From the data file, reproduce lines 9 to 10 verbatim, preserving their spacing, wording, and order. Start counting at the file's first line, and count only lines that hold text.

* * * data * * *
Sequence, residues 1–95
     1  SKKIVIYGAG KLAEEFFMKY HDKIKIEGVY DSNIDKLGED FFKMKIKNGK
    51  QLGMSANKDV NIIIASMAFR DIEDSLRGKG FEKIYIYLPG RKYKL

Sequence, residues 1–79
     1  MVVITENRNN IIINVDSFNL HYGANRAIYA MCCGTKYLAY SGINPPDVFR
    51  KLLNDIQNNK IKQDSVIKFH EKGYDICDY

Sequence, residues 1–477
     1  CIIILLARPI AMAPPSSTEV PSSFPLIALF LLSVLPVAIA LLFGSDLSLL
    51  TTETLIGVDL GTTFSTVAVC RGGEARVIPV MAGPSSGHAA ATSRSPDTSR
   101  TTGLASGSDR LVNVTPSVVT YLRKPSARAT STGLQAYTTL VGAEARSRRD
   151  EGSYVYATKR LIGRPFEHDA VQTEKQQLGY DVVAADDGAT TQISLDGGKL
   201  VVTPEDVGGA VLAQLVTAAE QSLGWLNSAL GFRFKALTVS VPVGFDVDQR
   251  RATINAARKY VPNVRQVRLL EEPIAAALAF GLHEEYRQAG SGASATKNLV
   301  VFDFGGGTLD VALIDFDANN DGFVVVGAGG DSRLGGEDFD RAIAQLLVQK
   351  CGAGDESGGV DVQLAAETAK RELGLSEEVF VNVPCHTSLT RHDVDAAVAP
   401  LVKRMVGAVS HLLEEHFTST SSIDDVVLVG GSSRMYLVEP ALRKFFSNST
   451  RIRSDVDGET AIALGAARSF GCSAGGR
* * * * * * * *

    51  TTETLIGVDL GTTFSTVAVC RGGEARVIPV MAGPSSGHAA ATSRSPDTSR
   101  TTGLASGSDR LVNVTPSVVT YLRKPSARAT STGLQAYTTL VGAEARSRRD